Stamp Duty Changes – Will You Be Affected? 25 Jan 2016

Are you currently looking for a property to purchase? If you are then the ‘additional properties’ stamp duty changes announced by the Chancellor in November 2015 may affect you. Simon Nosworthy, head of residential property at Osbornes Solicitors explains the new surcharge, when it comes into effect and who it will apply to.

Why the surcharge?

The reason for the introduction of this stamp duty increase is that the government has been concerned that the surge in buy to let property investments over the past few years has prevented first time buyers from getting on the property ladder. Also it is hoped that tax receipts from this increased stamp duty will help towards expanding the affordable housing budget. The consultation document which was published on 28th December 2015 provides us with an outline of how and in what circumstances the increases in stamp duty will arise. We will have to wait a couple of months for the government to publish its responses to the consultation and we are then likely to get a final document with practical information and guidance on the new duty.

When and who will be affected?

The higher rate of tax will be 3% above the current SDLT rates and will take effect from 1st April 2016. The higher rates will only apply to purchases of additional residential property – buy to lets and second homes. Broadly speaking the higher rates will not apply if at the end of the day of the transaction (i.e. on the day of completion) an individual owns only one residential property, irrespective of use. So if as a buyer you only purchase one buy to let property and you currently rent then no higher rate is paid. This is a tax on multiple ownership rather than specifically on the buy to let market, although there is no doubt that it will be this area of the property market that is hardest hit by these changes.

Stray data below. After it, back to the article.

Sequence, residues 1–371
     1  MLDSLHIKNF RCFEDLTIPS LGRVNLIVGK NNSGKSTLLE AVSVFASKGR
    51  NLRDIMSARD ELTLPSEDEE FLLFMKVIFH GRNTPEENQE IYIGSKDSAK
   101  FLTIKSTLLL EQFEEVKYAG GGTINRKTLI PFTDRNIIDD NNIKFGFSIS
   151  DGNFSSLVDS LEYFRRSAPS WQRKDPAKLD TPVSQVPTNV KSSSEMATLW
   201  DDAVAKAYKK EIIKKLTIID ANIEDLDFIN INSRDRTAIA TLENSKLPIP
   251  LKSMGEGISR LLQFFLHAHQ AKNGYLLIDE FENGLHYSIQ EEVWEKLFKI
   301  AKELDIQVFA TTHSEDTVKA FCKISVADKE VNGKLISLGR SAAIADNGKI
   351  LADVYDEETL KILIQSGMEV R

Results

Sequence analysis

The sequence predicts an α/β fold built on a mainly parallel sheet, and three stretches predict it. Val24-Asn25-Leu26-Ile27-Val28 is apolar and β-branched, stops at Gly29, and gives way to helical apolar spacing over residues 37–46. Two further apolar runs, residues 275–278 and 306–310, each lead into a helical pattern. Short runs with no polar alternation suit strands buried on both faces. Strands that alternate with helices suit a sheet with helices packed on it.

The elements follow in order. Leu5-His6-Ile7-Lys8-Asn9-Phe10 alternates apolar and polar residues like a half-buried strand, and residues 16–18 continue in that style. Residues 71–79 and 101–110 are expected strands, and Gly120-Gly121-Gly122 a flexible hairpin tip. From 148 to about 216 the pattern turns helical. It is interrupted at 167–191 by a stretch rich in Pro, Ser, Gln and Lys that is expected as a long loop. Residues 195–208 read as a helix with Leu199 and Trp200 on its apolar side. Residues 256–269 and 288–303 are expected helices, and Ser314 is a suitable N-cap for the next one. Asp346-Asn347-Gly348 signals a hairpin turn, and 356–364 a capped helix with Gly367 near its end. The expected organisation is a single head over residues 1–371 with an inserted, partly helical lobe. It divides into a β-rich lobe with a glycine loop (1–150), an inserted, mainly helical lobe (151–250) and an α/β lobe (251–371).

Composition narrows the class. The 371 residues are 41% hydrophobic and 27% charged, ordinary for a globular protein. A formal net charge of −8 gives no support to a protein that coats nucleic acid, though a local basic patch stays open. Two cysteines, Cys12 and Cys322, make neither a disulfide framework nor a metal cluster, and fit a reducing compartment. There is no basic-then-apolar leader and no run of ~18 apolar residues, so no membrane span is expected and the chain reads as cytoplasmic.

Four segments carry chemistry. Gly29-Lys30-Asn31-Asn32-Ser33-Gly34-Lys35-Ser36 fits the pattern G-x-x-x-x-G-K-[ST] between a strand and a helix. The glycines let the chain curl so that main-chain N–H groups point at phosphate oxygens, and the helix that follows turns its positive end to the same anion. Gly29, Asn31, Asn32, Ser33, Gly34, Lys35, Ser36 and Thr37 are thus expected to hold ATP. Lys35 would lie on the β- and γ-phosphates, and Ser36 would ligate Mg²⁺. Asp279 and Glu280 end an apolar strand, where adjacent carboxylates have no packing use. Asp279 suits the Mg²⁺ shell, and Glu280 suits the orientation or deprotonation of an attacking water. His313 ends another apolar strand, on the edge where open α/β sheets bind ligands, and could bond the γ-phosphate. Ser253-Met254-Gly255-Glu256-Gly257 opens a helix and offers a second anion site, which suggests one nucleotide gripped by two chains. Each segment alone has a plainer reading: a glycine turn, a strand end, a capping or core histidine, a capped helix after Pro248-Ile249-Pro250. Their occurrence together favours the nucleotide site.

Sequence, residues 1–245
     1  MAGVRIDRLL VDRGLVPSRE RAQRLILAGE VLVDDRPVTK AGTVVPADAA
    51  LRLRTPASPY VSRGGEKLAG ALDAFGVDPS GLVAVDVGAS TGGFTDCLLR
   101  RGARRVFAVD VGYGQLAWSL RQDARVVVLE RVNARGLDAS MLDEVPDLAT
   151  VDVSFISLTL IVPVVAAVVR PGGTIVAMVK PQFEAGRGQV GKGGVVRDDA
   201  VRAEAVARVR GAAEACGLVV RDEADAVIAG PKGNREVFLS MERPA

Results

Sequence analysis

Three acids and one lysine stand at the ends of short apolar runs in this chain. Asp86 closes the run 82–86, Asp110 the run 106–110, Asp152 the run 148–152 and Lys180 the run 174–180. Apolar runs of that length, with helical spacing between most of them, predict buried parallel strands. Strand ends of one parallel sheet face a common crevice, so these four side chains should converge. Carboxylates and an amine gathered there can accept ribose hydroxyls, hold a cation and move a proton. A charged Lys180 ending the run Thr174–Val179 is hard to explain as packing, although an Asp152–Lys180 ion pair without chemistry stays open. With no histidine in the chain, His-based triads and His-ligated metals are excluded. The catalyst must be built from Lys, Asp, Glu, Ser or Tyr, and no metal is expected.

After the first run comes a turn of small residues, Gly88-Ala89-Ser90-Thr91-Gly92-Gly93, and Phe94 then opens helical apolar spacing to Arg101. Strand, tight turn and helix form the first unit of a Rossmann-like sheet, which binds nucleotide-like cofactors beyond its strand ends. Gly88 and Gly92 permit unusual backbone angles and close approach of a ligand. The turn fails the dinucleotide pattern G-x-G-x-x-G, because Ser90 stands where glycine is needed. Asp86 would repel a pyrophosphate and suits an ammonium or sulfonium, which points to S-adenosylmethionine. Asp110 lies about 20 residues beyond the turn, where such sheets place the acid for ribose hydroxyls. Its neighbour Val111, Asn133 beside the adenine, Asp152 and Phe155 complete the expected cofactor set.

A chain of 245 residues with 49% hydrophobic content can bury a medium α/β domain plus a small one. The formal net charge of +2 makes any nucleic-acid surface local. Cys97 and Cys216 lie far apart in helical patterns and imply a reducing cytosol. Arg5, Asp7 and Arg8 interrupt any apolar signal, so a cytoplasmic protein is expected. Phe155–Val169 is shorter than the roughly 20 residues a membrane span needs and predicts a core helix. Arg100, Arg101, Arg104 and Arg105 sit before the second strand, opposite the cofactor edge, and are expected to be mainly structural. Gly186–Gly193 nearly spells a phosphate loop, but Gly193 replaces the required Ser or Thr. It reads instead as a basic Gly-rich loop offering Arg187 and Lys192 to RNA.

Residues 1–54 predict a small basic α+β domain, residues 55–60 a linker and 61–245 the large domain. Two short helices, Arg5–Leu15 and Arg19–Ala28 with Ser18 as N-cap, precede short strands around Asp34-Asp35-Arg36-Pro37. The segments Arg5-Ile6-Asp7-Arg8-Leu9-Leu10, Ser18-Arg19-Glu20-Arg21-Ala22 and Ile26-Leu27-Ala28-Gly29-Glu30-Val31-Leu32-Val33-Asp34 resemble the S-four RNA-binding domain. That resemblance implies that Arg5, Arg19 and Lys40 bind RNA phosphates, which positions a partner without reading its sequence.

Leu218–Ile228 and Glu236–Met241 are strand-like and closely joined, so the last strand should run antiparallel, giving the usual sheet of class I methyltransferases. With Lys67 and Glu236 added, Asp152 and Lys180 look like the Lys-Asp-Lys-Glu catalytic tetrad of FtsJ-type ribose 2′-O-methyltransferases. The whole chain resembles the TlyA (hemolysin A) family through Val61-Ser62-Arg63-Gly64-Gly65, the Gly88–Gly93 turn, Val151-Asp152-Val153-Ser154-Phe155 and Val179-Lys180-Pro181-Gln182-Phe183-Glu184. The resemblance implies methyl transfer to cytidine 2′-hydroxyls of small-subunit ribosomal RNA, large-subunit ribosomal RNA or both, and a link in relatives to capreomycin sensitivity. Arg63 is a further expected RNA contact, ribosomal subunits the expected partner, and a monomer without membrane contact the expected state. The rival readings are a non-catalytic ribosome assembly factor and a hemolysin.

Most importantly buyers of additional residential property need to have exchanged and completed by 31st March 2016 to avoid paying the higher rate of tax. Note however that if contracts were exchanged on or before 25th November 2015 but not completed until on or after 1st April 2016, the higher rates will not apply.

Other important points that need to be considered are that if a buyer owns property abroad then this will be relevant and will need to be taken into account when considering what stamp duty should be paid when buying a property in England and Wales. Also the first purchase of a property by a limited company will now be subject to the higher rates of stamp duty

The consultation is lengthy and discusses additional issues including joint ownership, married and civil partners, buying properties by parents for their children, what happens when a completion is delayed, the treatment of large scale investors and so on.

If you have any questions or queries relating to the stamp duty changes or for a no obligation quote for conveyancing, please contact Simon Nosworthy on 0207 485 8811 or by email on

This piece first appeared on the Portico Estate Agents in Camden blog

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